Only one out of five adolescents and adults met the recommended combined aerobic and MSA guidelines.
Accessibility and adherence are some of the biggest hurdles people face. Accessing the right tools, information, and adhering to them.
Beliefs also play a big role. That's why we don't like exercise shaming where certain influencers pick an exercise just so they can create content and then say, "You shouldn't be doing that or this is perfect. Why do people do this?"
We've talked about how people get shamed for just walking on the treadmill at the gym. You don't have to worry about that. Okay, they could walk in the street/park but if they don't want to, that's their choice.
They could prefer the gym because it's a safe environment. It's warm and it's got WiFi, which means they can watch Netflix on the treadmill while they move. If that keeps them motivated, then good for them.
Furthermore, anecdotally from Tom:
When I've had new clients come to me for training, it's usually women as well. I've asked them, what's the main reason that you kind of come to me for? They tell me I don't want to get injured, I don't want to do the exercises wrong.
Basically, as long as you're not going crazy with what you're doing, it's safe to move with or without a PT. We all have beliefs, whether it's our own or things we hear from articles or PTs, or how society treats certain subjects, whether it's exercise or nutrition.
There's a lot of misinformation out there that puts people off. There are times when ignorance is the cause, and nobody's fault, but just not knowing what else is out there.
Essentially we need to create a barrier free environment that allows people to get out and move and hopefully help us reverse these worrying activity statistics.
We recently did a few podcasts on this topic with one being 'So, You Want To Start The Gym?' so if you want some easy digestible advice on starting the gym give it a listen!
Decolonize Your Diet
A newly published article: Decolonizing Your Diet. It has a bunch of amazing benefits, apparently. Our first impression was that it was basically a paleo diet for Americans.
On Instagram, there are now more than 15,000 posts carrying the hashtag Decolonize Your Diet. And I quote,
Removing colonial influence from your diet is not just about putting down pizza and pasta. It's important to acknowledge the history of Indigenous people in North America,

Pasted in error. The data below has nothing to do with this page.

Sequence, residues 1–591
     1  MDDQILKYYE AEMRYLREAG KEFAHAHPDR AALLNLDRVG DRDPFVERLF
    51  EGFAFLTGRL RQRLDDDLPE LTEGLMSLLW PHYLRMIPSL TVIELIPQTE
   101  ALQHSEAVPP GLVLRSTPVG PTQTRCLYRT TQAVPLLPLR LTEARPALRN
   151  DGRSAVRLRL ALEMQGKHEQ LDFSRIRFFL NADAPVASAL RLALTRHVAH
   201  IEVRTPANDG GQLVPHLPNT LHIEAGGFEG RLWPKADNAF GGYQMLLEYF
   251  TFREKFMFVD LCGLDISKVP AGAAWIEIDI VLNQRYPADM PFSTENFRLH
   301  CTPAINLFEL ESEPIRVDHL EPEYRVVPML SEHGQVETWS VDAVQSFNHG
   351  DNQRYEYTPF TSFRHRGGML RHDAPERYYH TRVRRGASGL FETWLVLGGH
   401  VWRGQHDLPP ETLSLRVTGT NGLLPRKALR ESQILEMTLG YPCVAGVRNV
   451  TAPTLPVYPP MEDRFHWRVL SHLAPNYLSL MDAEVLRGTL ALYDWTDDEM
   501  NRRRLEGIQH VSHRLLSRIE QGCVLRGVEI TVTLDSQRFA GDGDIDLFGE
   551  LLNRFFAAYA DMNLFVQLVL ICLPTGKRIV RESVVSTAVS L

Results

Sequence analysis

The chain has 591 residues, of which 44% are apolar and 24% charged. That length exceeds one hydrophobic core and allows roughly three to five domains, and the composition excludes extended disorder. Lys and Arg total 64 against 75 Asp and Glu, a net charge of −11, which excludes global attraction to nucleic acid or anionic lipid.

Exactly what this diet requires isn't clear. It's pretty clear what the requirements are for diets like the vegan diet and the carnivore diet. Here are some signs you're on it:
Removing Western European influence entirely.
Often include fruits, vegetables, and herbs from one region.
It can include supporting local farms to shopping for traditional ingredients.
Learning how to connect with the land, find native ingredients, and prepare ancestral dishes.
There's just one problem: it can be very divisive. Decolonize your diet? It's divisive.
It can also be confusing. It's clear from this article that they're talking about Native Americans. However, you've got to be careful of articles like this because they'll just tell you to decolonize your diet. Ok, are we talking about native Americans only, or are we talking about the Mazi tribe from Africa, or are we talking about natives or aboriginals? I mean, who are we talking about? Decolonization is subjective to where you are if you're going to do it.
Additionally, are you basically saying that someone who isn't following a decolonized diet is pro-colonization? Pro-empire? Pro-slavery? Can you see how this can spiral and create division in a community?
There can be activism around food. I mentioned earlier in the podcast that food can be politically charged. However, when it's used to shame people, there's nothing wrong with saying, yeah, try and add some of these things and take some of these things out, but try and have more of this and less of that. I'm fine with that, but I don't think it has to be inherently tainted with guilt.
Articles & Studies  Assessing the Reliability and Cross-Sectional and Longitudinal Validity of 15 Bioelectrical Impedance Analysis Devices  Adherence to aerobic and muscle-strengthening activities guidelines